Christian billionaire and Orlando Magic owner, Richard DeVos, dies aged 92

Richard DeVos(YouTube/FoxSportsFlorida/FoxSportsSun)

Christian billionaire Richard DeVos passed away on Thursday at the age of 92, leaving behind a legacy of entrepreneurship as well as values.

DeVos died at his home in Ada, Michigan, following complications from an infection. Rick DeVos, his grandson, posted a series of updates on Twitter last week.

'Early this morning our family's patriarch, Richard DeVos Sr. went home to join his dear wife Helen with Our Lord and Savior Jesus Christ. These next days will be full of great joy and sadness as our family celebrates a life truly well lived and mourns the coming days without him,' Rick DeVos wrote.

'We celebrate Grandma & Grandpa's incredible legacy of creation & generosity as a generational chapter closes. The next generation has already taken up their standard, and another follows close behind. It is an unbelievable honor to carry the name Richard Marvin DeVos III,' he added in the statement.

'I pray that we may all continue to build on the foundations they have put down for us and I give thanks for the gift of many years — far more than we expected — with an incredible man and Grandpa.

'Anyone who spent any amount of time — as little as a few seconds — with Grandpa knows that he truly, deeply loved people. He was interested in them, in learning what they were thinking and doing. And he was a relentless encourager.'

DeVos was born in Grand Rapids, Michigan, on March 4, 1926, and went on to study at Calvin College, before serving in the U.S. Army Air Corps in World War II. Among his many notable business achievements, he co-founded direct selling company Amway in 1959, and in 1991 he bought the NBA Orlando Magic franchise.

'Mr. DeVos' boundless generosity, inspirational leadership and infectious enthusiasm will always be remembered,' said Magic CEO Alex Martins in a statement.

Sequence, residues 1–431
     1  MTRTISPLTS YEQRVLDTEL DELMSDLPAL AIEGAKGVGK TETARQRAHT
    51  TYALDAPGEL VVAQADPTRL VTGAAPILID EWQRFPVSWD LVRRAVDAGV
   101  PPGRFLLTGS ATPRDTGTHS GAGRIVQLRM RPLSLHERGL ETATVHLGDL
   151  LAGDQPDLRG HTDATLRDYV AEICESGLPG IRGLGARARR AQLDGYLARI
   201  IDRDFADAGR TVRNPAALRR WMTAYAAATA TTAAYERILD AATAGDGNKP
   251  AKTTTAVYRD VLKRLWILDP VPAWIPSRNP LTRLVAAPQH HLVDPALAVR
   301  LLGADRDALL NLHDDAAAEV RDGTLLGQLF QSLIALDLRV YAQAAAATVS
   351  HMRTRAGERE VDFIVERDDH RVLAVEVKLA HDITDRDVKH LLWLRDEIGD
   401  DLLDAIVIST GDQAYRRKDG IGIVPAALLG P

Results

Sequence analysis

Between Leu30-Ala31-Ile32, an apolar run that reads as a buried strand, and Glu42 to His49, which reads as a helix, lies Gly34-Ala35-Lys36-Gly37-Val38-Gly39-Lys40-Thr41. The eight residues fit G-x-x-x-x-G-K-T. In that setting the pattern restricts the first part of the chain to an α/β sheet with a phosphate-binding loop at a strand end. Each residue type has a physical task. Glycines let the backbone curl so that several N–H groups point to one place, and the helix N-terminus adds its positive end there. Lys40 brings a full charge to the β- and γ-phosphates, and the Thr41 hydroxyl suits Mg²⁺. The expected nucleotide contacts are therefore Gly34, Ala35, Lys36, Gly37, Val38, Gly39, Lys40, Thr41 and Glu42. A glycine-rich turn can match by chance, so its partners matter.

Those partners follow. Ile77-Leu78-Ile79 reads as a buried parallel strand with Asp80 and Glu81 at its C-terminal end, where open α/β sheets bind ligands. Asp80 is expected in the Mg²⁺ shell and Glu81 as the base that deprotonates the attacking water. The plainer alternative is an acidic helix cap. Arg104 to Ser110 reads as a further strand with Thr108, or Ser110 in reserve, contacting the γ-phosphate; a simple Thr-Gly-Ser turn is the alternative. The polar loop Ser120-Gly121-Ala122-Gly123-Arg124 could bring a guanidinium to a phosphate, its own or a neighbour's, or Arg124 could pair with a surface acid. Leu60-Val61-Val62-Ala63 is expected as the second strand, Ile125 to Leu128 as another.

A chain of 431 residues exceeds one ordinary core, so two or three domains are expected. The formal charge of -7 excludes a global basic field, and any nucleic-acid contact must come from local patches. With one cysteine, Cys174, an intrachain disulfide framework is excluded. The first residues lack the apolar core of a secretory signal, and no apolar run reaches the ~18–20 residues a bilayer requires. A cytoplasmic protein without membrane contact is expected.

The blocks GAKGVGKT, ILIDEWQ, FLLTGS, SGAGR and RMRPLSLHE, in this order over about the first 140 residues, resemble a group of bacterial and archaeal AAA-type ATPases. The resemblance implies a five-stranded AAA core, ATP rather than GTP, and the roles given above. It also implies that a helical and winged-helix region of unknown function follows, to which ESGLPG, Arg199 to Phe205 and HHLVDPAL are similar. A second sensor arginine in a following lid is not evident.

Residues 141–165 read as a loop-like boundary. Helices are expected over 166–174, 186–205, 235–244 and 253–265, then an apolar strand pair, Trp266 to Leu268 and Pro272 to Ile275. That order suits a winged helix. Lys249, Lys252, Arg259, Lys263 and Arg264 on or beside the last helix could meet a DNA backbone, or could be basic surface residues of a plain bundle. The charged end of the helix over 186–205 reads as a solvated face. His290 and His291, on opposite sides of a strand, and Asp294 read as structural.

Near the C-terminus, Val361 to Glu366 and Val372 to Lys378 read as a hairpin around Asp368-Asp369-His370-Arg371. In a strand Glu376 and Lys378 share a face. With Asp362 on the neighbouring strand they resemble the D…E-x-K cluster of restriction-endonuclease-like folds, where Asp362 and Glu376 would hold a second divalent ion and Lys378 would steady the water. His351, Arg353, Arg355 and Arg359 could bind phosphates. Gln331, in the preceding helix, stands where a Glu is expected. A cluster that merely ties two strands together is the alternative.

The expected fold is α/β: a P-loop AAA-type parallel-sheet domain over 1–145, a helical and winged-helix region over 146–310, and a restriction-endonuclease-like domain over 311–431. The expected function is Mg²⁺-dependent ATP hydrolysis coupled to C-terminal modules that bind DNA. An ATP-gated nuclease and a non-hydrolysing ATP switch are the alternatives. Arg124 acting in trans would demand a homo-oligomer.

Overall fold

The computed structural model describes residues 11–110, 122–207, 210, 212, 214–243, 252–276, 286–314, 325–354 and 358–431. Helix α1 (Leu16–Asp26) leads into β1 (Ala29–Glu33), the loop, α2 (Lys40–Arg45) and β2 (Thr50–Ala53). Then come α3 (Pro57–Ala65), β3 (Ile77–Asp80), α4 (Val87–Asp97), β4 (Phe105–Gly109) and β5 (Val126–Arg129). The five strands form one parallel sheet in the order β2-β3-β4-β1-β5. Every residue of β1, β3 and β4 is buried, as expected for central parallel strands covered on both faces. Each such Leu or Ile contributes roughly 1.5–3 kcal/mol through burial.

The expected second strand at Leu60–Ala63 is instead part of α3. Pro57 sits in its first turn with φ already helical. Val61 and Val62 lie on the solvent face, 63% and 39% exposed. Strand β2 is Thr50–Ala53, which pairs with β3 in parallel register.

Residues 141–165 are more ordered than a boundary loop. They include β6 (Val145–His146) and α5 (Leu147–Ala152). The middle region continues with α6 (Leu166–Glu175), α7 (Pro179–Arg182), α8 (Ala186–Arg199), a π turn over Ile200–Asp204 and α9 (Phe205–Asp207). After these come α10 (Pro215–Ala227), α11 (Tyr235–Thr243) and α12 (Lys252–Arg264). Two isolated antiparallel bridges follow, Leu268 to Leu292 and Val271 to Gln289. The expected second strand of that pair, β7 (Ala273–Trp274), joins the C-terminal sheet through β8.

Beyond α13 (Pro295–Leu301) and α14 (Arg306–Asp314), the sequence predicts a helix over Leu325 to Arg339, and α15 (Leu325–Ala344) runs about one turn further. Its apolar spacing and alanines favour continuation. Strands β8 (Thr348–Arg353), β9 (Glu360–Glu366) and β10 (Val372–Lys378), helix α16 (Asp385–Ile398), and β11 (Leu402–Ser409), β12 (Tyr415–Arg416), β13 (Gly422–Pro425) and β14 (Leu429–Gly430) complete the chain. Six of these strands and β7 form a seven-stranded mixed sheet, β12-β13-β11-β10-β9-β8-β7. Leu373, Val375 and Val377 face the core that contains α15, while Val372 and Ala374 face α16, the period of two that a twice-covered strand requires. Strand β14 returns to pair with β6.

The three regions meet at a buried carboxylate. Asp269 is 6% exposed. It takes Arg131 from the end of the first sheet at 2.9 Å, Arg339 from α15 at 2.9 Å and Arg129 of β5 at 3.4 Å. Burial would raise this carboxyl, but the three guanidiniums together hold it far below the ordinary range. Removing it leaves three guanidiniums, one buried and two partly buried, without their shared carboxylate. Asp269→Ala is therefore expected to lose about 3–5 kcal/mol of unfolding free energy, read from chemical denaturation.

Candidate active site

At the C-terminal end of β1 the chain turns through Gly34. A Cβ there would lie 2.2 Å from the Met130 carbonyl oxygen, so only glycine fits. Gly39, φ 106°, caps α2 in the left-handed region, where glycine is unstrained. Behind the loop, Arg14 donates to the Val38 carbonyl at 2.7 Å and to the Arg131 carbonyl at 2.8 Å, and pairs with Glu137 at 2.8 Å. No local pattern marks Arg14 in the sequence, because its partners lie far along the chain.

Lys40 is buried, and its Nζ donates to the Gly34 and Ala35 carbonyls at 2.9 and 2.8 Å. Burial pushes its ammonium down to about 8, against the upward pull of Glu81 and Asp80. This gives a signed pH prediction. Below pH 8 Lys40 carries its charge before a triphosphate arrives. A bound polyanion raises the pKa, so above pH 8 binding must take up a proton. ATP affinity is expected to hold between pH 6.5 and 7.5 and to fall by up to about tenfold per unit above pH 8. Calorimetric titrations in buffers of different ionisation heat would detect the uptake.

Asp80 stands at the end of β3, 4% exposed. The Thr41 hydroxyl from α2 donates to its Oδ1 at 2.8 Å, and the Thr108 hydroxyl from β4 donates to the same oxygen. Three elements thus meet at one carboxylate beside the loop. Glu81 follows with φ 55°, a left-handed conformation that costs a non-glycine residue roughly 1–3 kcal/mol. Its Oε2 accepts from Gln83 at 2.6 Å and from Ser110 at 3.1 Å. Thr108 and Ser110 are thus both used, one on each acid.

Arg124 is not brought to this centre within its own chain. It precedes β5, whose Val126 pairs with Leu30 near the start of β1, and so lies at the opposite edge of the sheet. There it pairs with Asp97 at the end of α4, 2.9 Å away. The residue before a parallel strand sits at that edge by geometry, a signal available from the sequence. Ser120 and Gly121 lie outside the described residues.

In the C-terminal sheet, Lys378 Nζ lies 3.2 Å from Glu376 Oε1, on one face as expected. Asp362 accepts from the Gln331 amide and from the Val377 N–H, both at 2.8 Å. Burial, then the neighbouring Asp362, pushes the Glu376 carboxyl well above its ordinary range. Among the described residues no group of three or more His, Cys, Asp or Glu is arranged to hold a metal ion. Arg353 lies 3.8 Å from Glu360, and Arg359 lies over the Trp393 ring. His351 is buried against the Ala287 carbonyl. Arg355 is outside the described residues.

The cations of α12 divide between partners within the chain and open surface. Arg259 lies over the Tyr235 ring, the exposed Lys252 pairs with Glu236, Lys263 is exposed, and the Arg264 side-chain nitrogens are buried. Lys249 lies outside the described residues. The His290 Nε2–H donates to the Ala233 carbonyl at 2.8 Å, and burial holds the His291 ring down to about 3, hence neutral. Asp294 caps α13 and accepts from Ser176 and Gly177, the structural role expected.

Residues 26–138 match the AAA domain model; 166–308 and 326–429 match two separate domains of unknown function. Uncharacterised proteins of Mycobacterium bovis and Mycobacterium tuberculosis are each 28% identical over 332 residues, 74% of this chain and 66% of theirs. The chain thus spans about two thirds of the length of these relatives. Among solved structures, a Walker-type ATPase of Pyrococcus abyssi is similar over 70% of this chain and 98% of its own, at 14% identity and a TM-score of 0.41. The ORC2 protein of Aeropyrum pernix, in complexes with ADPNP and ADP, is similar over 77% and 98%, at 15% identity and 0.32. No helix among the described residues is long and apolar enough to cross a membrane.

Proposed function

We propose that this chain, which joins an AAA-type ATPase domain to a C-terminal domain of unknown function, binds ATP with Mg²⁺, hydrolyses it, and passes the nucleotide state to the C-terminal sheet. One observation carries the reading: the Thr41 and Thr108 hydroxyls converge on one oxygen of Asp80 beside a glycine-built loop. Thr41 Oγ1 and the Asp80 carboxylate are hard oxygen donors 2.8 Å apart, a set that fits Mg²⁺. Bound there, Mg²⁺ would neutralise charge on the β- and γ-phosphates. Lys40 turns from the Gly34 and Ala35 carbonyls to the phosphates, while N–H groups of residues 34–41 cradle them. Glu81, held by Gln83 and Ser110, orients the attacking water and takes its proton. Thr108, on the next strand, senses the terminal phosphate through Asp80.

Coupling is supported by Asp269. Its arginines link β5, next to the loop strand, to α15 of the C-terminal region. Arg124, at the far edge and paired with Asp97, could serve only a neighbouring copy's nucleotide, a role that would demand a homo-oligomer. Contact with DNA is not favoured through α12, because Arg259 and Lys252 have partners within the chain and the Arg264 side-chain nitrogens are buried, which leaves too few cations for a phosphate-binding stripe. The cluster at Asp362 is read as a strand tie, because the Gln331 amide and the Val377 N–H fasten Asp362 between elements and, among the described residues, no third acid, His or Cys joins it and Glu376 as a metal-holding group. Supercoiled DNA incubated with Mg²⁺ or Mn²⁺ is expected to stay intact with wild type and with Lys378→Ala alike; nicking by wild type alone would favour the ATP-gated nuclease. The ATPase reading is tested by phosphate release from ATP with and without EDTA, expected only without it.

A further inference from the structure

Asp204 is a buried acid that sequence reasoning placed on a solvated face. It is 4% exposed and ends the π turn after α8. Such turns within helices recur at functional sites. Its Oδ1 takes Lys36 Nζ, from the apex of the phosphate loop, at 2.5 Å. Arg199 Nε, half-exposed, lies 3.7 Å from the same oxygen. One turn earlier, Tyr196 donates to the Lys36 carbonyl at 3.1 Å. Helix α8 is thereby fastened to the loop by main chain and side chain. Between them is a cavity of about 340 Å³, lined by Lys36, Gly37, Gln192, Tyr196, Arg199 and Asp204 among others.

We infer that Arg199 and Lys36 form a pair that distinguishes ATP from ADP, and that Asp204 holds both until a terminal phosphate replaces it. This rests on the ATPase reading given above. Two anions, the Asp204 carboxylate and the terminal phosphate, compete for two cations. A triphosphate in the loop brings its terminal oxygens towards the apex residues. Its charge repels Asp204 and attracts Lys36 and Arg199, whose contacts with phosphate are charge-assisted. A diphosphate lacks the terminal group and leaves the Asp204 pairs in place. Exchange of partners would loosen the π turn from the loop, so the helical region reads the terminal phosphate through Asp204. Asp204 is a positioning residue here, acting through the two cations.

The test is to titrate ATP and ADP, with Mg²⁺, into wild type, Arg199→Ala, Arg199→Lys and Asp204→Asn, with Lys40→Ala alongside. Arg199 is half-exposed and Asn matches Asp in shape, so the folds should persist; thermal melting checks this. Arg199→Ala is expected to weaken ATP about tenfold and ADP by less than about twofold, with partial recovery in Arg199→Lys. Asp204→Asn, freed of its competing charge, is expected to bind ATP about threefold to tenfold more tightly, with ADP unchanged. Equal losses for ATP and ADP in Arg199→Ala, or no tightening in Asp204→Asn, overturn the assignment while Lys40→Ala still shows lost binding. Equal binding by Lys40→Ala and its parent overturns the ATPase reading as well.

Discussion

'Simply, he was the team's No. 1 cheerleader and the best owner that a Magic fan could ever want for their team. When the DeVos family purchased the Magic, his vision was that the team and organization would serve as a platform to improve the central Florida community.'

Devos and his late wife, Helen, donated to Christian churches and ministries through the Richard and Helen DeVos Foundation. The foundation has been a major contributor to evangelical organizations including Focus on the Family and Family Research Council.

As The Grand Rapids Press reported back in 2009, one of his main ambitions was to bring the long-separated Christian Reformed Church and Reformed Church in America back together.

DeVos said at the time that the split, which occurred in 1857, divided families, including his grandparents, and warned that such division weakened each church's ability to be a witness for Christ.

'I think that they've been separate for too long, and not with any good reasons anymore. Sometimes, it's time to rise above the pettiness of those things and move on,' he said then.

Devos, who is father-in-law of U.S. Education Secretary Betsy DeVos, was also a big donor to the Republican Party. In 1987, he was was appointed by former President Ronald Reagan to the Presidential Commission on AIDS.

Former US President George W. Bush said in a statement that DeVos was both a great entrepreneur and a 'great American.'

'He used his business to empower others and advance the universal values of freedom, opportunity, compassion, and personal responsibility. Rich made his country and his community better, and he was a devoted husband, father, grandfather, and great-grandfather,' Bush wrote on Thursday.

'I know his family will miss him dearly. Laura and I send all the DeVoses our sincere sympathies, and we hope they take comfort in knowing that Rich and Helen are united again.'

The businessman is survived by five children, two sisters, and several grandchildren. Funeral services have been set for Sept. 13 at LaGrave Avenue Christian Reformed Church in Grand Rapids.

This article was originally published in The Christian Post and is re-published here with permission